Community Partners with EJI to Dedicate Historical Marker in Newton County, Mississippi


On February 24, at the historic Bethel Missionary Baptist Church in Newton County, Mississippi, dozens of community members came together with EJI to dedicate a historical marker memorializing the racial terror lynching of William Bradford in 1911.

The Lynching of William Bradford

On June 16, 1911, a group of at least 50 white men kidnapped William Bradford and forced him to mount a horse. The mob then tied one end of a rope around Mr. Bradford’s neck and the other end to a tree. They whipped the horse to take off at high speed, and as Mr. Bradford was propelled into the air, the armed white men fired a barrage of bullets at him. The mob left Mr. Bradford’s body suspended from the tree until the town coroner removed his remains the following morning.

Mr. Bradford worked at Tallahatta Lumber Company in Chunky, Mississippi. Prior to the lynching, he got into a dispute with two white men over a water trough valued at less than $5. The white men accused Mr. Bradford of attempting to attack them, and he fled for his safety. Police pursued him to the home where he sought refuge for the night and arrested him in his sleep.

The white mob kidnapped Mr. Bradford from law enforcement custody to carry out the lynching. Newton County law enforcement claimed that they did not recognize any member of the lynch mob, and no white person was held accountable for Mr. Bradford’s death.

Many Black people were lynched under allegations of murder or assault. During this era, mere suggestions of Black violence against white people could provoke acts of racial terror before the judicial system could or would act.

William Bradford is one of at least 656 African American victims of racial terror lynching in Mississippi between 1877 and 1950, including at least six in Newton County.

Community Remembrance Project

The Community Remembrance Project is part of EJI’s campaign to recognize the victims of lynching and advance honest conversation about the legacy of racial terror by collecting soil from lynching sites, erecting historical markers, and inviting community members to visit the Legacy Museum and National Memorial for Peace and Justice in Montgomery, Alabama, where the horrors of these racial injustices are acknowledged.

Through the Community Remembrance Project, EJI has joined with dozens of communities to install historical markers where lynchings have been documented in an effort to help towns, cities, and counties confront and recover from tragic histories of racial violence and terrorism.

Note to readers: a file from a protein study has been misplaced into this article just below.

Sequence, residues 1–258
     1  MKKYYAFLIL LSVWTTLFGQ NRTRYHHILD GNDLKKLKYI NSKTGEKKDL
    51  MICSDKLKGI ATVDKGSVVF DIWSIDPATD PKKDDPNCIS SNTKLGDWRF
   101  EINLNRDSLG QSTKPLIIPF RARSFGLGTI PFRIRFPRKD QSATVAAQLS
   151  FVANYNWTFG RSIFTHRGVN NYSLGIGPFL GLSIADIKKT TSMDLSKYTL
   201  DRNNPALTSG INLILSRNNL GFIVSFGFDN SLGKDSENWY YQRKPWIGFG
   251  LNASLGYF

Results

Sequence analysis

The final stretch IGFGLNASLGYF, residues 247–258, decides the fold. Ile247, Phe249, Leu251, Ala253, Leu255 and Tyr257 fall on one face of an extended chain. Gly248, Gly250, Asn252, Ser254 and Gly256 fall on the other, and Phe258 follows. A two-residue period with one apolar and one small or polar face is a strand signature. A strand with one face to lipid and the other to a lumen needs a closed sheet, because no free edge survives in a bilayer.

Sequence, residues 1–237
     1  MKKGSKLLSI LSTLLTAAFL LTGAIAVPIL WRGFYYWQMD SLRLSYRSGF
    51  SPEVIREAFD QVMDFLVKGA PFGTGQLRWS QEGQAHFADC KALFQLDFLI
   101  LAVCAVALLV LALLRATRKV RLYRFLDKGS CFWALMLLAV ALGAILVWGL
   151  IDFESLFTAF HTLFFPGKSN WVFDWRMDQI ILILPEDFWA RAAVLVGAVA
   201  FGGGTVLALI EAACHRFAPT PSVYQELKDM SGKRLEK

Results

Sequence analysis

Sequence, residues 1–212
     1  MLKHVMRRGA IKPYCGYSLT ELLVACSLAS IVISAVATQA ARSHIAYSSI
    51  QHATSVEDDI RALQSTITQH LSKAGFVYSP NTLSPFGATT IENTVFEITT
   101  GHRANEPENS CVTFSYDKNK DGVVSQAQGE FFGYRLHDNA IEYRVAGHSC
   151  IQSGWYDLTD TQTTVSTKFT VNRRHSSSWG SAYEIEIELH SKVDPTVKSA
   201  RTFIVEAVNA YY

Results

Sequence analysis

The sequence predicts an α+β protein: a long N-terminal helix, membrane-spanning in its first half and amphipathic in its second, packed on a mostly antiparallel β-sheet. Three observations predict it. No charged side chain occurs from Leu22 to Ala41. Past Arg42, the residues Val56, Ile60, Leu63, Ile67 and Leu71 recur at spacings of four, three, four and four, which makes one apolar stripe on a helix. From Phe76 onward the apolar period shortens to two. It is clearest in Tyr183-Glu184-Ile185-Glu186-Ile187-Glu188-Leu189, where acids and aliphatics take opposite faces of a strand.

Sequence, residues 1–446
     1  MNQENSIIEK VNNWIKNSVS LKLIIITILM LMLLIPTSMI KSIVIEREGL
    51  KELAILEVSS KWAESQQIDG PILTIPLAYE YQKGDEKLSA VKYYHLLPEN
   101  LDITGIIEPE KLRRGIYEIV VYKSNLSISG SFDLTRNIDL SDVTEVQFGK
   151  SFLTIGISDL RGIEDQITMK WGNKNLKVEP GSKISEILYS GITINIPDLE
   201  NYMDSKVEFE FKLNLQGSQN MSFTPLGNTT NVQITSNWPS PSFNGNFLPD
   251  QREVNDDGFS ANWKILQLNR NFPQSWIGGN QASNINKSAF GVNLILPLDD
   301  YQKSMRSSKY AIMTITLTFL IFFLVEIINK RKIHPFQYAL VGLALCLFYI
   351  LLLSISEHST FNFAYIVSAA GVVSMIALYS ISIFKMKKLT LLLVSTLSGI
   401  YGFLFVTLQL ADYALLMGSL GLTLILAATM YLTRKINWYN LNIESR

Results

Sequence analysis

We believe that understanding the era of racial terror is critical if we are to confront its legacies in the challenges that we currently face, from mass incarceration, excessive punishment, and police violence to the presumption of guilt and dangerousness that continues to burden people of color today.

The Newton County Community Remembrance Project was founded by activist and historian Joyce Salter-Johnson, who reached out to EJI after her grandchildren found the name of their ancestor, Frank Johnson, during a visit to the National Memorial for Peace and Justice in Montgomery.

In August 2019, she worked with retired judge Constance Slaughter-Harvey, Dr. Darrell Fielder, Alice Dawkins, and others to organize the coalition’s first community soil collection ceremony. The coalition sponsored two more community soil collections and dedicated a historical marker in 2021 honoring William Fielder, Dee Dawkins, and Frank Johnson, who were lynched in 1908.

Last month’s marker dedication ceremony opened with a prayer and closed with a moving rendition of “Strange Fruit,” the anti-lynching protest song famously recorded by Billie Holiday in 1939.

Friends and family members also spoke in tribute to the Rev. “Claud” Merl Dawkins, a descendant of Dee Dawkins whose enduring commitment to the Newton County Community Remembrance Project was recognized with a plaque that also was unveiled at the ceremony.